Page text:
*Division of Pediatric Behavioral Neuroscience, Department of Pediatrics, University of Minnesota Medical School, Minneapolis, MN;†Child Witness to Violence Project, Boston Medical Center, Boston, MA;‡Department of Pediatrics, Division of Developmental and Behavioral Pediatrics, University of California, San Diego, San Diego, CA.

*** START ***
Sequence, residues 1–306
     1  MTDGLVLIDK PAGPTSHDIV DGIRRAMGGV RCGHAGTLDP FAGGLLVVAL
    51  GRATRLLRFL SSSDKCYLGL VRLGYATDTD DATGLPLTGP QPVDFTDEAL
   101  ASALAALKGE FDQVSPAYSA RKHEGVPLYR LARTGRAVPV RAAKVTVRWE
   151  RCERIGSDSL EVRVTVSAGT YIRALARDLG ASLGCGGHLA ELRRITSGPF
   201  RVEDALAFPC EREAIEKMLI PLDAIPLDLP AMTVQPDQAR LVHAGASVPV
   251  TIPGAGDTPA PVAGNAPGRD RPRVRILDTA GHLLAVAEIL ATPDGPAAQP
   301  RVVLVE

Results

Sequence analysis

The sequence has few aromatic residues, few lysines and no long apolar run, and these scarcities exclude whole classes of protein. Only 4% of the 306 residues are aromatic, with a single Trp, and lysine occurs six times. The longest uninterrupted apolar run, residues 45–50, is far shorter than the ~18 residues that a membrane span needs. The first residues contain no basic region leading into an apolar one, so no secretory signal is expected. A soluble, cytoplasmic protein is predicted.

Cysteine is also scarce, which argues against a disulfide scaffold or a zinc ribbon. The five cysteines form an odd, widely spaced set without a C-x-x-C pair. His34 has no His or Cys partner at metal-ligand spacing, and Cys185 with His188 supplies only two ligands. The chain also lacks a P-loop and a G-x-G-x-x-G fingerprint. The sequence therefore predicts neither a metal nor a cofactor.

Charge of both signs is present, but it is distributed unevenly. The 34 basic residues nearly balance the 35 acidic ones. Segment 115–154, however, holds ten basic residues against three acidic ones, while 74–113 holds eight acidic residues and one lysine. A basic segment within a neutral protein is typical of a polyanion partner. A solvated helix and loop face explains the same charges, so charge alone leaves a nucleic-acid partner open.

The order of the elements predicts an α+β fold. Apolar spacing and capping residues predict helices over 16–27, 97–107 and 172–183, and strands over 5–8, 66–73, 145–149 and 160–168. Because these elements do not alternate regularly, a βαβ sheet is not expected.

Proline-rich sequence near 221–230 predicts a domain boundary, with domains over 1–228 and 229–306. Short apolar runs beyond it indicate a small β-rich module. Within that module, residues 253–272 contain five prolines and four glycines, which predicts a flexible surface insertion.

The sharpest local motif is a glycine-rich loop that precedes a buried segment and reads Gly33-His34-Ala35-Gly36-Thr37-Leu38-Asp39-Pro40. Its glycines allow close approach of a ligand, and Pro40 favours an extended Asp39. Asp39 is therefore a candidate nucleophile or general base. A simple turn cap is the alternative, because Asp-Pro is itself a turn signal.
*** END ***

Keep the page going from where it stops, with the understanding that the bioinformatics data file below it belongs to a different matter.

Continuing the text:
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CASE: Carter is a 12-year-old boy who has been seeing a developmental-behavioral pediatrician since the age of 7 years for problems with behavioral regulation. Around that time, he began to receive special education services after an educational assessment of autism. He has average intellectual abilities, with below-average semantic-pragmatic speech (e.g., conversations are one-sided). His medical diagnoses included attention-deficit hyperactivity disorder (ADHD), combined presentation, and generalized anxiety disorder. He has never met the DSM criteria for autistic spectrum disorder (ASD) because although he has atypical sensory behaviors (e.g., preoccupied with sniffing objects), he has otherwise lacked restricted, repetitive behaviors. Other medical problems include obesity.His functional impairments associated with impulsivity, inattention, and anxiety improved with combined pharmacotherapy (a long-acting stimulant and a selective serotonin reuptake inhibitor [SSRI], on which he remains) and cognitive-behavioral therapy (CBT). After starting sixth grade, his Individualized Educational Plan (IEP) was modified to address his social impairments, with a self-contained classroom without windows. Soon thereafter, he began to talk about “hating myself” and developed mild-to-moderate depression, which improved after several weeks of a higher dose of SSRI and more frequent visits with his therapist.Several weeks after starting seventh grade, the teacher sent an email to Carter's parents, which they forwarded to his developmental-behavioral pediatrician: “Carter drew a picture of himself shooting and stabbing a student he was mad at today (Fig. 1). He was very upset when I told him I was going to tell you. We haven't processed it through yet but I think a conversation at home about appropriate drawings and using other ways to calm down would help this not happen again.”